Remember those filters? They really mess things up.
First, "white" light (which doesn't exist, but never mind) is a mixture of light of all frequencies, but not in equal proportions. Second, for very good technical reasons, your camera has as many green-sensitive pixels as it does red and blue pixels combined.
So, the perfect exposure now becomes one in which the brightest channel (which is virtually always the green channel) has those values indicated above and the other two channels fall where they do. Typically in daylight, the blue channel will be about 2/3 stop underexposed relative to green, and red will be just over a stop underexposed relative to green. Those ratios shift depending on the light source, and figuring out exactly what those ratios are is what white balance is all about.
So, let's say that we nailed the in-camera exposure and the gray card came out at 2949 in the green channel. The red channel might have come out at 1475, and the blue at 1946. Presumably, the light trap still came out at 0 for all three channels, and the thread tape would have come in at R=8192 G=16384 B=10912.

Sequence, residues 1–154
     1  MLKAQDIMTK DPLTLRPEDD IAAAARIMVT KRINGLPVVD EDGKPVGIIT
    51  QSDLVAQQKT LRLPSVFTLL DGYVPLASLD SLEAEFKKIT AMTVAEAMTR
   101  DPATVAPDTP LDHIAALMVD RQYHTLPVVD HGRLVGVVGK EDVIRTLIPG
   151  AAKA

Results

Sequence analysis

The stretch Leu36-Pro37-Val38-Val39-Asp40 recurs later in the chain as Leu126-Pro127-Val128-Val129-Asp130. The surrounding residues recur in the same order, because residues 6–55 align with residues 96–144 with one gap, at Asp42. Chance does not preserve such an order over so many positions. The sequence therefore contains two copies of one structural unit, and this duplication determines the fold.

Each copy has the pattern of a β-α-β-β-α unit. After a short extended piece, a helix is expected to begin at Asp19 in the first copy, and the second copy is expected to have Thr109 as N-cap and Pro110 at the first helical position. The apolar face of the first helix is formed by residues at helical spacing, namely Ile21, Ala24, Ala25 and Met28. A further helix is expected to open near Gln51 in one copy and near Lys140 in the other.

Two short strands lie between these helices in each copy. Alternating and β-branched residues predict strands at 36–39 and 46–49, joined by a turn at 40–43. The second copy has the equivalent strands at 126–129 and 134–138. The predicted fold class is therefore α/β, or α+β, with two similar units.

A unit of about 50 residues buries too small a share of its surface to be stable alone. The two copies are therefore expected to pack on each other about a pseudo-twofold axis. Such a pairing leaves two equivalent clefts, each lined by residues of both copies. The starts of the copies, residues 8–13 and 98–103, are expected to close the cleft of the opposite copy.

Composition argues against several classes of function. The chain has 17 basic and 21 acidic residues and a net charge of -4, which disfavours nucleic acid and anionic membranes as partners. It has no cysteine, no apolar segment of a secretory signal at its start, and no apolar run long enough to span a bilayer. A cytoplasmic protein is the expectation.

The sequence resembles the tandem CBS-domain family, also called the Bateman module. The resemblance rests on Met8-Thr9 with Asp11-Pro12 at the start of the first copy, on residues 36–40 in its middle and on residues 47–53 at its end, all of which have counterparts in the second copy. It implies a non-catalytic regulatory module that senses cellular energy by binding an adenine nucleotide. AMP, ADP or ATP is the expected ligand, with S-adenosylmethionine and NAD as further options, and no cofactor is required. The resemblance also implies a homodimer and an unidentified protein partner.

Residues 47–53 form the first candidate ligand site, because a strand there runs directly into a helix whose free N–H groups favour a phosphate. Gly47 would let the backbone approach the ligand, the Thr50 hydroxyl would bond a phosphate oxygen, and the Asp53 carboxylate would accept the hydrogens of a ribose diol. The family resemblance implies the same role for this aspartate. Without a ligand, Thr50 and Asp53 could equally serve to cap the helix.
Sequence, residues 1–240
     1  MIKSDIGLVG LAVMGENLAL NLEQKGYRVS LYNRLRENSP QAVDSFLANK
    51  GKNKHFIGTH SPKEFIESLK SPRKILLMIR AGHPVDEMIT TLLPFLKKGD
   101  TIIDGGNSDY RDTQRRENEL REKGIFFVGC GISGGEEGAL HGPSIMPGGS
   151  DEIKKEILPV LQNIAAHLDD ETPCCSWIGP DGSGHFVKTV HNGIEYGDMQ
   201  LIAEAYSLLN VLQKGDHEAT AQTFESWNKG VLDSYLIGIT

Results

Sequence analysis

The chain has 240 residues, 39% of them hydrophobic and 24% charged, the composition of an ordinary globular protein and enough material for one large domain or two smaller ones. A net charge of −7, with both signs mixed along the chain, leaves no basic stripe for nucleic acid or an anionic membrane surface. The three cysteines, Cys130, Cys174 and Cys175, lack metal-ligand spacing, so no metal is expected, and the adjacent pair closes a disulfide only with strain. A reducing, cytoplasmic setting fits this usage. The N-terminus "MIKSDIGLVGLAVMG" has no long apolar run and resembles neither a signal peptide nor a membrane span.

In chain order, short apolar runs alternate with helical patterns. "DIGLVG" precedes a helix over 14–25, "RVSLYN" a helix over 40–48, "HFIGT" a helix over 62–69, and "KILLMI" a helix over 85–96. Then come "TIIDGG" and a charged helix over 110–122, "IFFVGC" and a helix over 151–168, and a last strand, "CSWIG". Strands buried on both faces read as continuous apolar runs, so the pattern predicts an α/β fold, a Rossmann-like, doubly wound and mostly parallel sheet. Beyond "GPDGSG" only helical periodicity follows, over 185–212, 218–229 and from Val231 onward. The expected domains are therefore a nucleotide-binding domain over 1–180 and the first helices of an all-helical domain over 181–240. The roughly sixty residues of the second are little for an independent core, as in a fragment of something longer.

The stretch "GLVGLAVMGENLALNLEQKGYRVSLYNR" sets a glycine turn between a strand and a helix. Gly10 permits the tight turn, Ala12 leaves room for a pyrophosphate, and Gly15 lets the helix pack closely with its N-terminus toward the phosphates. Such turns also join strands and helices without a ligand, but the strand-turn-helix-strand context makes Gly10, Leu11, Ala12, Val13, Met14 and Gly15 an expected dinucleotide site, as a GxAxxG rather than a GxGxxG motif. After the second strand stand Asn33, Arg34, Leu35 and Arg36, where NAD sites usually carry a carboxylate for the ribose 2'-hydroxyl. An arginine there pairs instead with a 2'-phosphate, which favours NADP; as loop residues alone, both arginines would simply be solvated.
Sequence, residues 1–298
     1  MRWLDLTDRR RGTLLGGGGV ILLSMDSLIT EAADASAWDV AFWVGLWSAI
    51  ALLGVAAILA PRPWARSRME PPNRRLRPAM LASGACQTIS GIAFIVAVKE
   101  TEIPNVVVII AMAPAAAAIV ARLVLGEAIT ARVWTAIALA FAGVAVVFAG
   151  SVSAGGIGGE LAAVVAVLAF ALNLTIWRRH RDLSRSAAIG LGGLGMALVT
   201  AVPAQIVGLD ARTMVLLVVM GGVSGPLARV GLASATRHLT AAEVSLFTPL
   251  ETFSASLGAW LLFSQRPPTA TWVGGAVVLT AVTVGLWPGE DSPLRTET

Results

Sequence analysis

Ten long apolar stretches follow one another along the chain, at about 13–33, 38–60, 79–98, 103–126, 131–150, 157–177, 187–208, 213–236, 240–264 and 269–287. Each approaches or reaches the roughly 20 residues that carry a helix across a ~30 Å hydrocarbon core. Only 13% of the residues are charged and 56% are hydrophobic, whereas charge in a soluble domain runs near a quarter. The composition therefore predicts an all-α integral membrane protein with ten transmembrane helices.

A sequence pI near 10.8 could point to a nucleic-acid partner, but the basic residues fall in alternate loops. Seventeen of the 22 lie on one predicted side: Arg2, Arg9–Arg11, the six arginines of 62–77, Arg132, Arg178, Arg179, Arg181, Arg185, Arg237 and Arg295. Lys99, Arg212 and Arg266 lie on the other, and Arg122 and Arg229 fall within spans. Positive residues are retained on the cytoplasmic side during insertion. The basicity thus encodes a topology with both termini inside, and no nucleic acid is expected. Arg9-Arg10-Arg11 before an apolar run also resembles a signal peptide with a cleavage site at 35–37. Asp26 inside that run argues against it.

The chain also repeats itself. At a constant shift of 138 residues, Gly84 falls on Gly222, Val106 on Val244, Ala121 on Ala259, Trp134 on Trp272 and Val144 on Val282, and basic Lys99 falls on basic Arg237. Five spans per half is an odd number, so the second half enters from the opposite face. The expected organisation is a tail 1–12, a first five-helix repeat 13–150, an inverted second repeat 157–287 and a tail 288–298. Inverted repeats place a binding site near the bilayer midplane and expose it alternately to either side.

To get your perfectly white balanced perfect exposure, you'd double all the red values, leave the green values alone, and multiply all the blue values by 3/2 -- after which the red, green, and blue values for the three objects under discussion (all of which are different shades of gray) would be the same.
What about the ball bearing in the scene? Much of it is just mirroring the rest of the scene, but there's that specular highlight that's reflecting the light source, and that part is a lot brighter than the thread tape. In our photo, all the parts of the ball bearing that are exactly as bright as the thread tape get recorded as R=8192 G=16384 B=10912, but the parts brighter...well, green can't get any brighter, so it stays at 16384, but let's say that R=10912 and B=14549. The camera is telling us that it's a lot more magenta than it really is. And an even brighter spot (but not the brightest spot) has all three channels maxed out at 16384. We're back to white, but it's telling us that this is the same white as the thread tape, which it clearly isn't. And what about this other part of the scene where we've turned up the brightness on our lighting?